A piece of New York insider knowledge: Beware of empty train cars.
Thursday, September 22, 2016
If a train car approaches on a warm day, and there are many available seats, it is most likely empty because the air conditioning has failed in that car. I’ve often seen people get on a hot car and disembark immediately, because of the suffocating heat, and I’ve done it myself. The only positive aspect of riding on a hot car is that it’s empty. Sometimes I can stand for it, if I absolutely want to sit or, as is now the case, I want to write.
I’m waiting for the F train, once again. I realize that I need some tape, a measuring tape, and a few more braces, to make my stands. I’m still not exactly sure of what I’m doing, but I certainly have the vision. I also need to think about my candy project. Maybe it would be better to have three buckets of different colored candies. Maybe even wrapped, so that they are nice and separate and pourable. I’ll have to take a look at how much bulk candy I can get for how cheap.
So I went to Jack’s 99c again, this time to look for candy. I decided that due to weight concerns, I would keep things in three buckets, as opposed to one. I separated the candy by color and will feature each one in three different buckets. Fun!
I will have to get used to the idea of the critique as being helpful to my art, in some way. I suppose that the line I’ll offer is that it’s a way for me to learn how to defend my work which, of course, not a problem for me. I was born to defend my work because it’s fantastic, and I make no apologies for that.
. . .
Now, for a moment, I return to this past Monday night’s critique. It was conducted with an Internationally famous artist with great gallery representation and recognition from the most prestigious of institutions. I was putting the finishing touches on my dual screen display when he walked in. Early is great, but it caught me just a bit off guard. I was not wholly invested in the work I was showing, but am proud of it, nonetheless. In a sense, I don’t show my work to anyone until I feel that it’s done. And when I feel as if it’s done, I don’t re-think or revisit it. So even thought I will continue my work in this “take the stairs” series, I am satisfied with it as a concept and consider it a closed system.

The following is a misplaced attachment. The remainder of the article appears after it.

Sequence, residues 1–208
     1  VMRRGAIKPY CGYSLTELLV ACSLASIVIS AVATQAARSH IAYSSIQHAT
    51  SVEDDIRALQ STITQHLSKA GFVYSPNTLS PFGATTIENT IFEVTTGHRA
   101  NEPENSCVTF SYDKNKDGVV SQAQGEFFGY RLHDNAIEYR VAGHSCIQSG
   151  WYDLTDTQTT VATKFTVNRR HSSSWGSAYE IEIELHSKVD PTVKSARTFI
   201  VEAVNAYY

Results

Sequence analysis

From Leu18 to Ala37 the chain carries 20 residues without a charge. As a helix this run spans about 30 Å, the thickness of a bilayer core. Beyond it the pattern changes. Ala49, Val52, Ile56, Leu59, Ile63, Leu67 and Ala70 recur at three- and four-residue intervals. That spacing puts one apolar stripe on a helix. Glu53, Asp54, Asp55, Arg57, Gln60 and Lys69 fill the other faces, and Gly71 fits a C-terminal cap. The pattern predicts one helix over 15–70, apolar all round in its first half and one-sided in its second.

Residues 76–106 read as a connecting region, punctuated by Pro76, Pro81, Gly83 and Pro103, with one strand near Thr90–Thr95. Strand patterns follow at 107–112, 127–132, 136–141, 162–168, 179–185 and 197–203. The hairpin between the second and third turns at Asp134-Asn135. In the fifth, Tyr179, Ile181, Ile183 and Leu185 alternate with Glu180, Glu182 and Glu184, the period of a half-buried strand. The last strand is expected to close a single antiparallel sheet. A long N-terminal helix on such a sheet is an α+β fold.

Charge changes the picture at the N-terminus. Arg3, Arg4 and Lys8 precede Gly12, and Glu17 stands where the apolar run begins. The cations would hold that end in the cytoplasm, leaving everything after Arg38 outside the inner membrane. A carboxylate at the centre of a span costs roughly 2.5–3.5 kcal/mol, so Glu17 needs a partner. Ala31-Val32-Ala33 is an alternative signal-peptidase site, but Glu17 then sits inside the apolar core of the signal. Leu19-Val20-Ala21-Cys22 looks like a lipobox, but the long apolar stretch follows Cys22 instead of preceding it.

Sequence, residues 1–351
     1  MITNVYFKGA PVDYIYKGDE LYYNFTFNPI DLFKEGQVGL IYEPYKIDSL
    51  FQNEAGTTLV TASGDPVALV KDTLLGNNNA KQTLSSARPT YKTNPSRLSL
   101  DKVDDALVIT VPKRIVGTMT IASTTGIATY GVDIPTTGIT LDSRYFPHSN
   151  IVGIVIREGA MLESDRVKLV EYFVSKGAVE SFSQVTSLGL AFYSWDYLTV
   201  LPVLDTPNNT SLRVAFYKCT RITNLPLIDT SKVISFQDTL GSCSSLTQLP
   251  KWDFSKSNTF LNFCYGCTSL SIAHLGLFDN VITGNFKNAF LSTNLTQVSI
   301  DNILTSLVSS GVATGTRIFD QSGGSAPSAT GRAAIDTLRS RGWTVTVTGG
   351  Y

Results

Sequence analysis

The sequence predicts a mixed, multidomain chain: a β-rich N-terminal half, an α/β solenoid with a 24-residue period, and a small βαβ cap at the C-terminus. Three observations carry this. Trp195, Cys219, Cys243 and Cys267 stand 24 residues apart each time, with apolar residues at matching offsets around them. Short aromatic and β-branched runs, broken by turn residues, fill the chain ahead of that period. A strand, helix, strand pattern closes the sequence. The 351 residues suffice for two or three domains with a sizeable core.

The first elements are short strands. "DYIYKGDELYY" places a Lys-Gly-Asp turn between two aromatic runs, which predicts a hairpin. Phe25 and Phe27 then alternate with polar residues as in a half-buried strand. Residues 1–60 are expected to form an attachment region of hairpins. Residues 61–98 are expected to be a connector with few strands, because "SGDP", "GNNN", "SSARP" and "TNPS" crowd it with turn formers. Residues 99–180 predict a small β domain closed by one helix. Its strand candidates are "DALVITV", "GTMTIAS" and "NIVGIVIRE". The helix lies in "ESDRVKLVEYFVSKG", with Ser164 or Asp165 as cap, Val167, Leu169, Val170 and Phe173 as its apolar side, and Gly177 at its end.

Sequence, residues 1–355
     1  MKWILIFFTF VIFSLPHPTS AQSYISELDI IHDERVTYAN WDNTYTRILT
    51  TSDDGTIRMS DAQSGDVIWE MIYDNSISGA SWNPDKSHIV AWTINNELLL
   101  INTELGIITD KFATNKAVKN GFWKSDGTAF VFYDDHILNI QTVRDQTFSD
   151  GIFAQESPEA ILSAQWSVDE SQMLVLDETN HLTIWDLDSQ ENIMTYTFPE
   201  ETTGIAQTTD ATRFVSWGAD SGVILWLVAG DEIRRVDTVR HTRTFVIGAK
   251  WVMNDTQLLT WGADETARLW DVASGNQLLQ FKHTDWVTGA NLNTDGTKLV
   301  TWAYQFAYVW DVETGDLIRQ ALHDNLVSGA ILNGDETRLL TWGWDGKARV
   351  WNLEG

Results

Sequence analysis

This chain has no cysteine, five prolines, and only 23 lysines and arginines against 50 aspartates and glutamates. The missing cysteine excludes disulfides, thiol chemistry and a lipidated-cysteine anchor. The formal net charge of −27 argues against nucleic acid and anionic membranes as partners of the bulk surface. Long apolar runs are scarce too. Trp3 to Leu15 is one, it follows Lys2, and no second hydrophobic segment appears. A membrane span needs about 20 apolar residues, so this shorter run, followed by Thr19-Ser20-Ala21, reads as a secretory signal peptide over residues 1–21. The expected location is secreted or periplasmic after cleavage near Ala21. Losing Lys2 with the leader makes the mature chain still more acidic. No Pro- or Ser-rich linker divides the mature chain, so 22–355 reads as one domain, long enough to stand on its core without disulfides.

So when someone looks at my work or talks about it, it can really only be from the standpoint of a finished work, as I don’t reveal unfinished work to people. Given that art is (supposed to be) about creative freedom, how can one person tell another how their work should or should not be, especially with few to no standards? It is good, however, to get another person’s point of view on a subject, but I’m not intent on changing the work itself.
. . .
I have to commend myself for my hard work in getting to the place that I am in life — doing exactly what I want to do in life and having a goal, however lofty.
I was pleased with how much I achieved, yesterday. Saturday, I succeeded in getting wood to the studio. Wednesday, I cut the pieces, and today, I began drilling holes to create my metaphorical stockades. As I mentioned to the wood shop monitor, I’m somewhat making things up as I go along, but I’m keeping a good pace.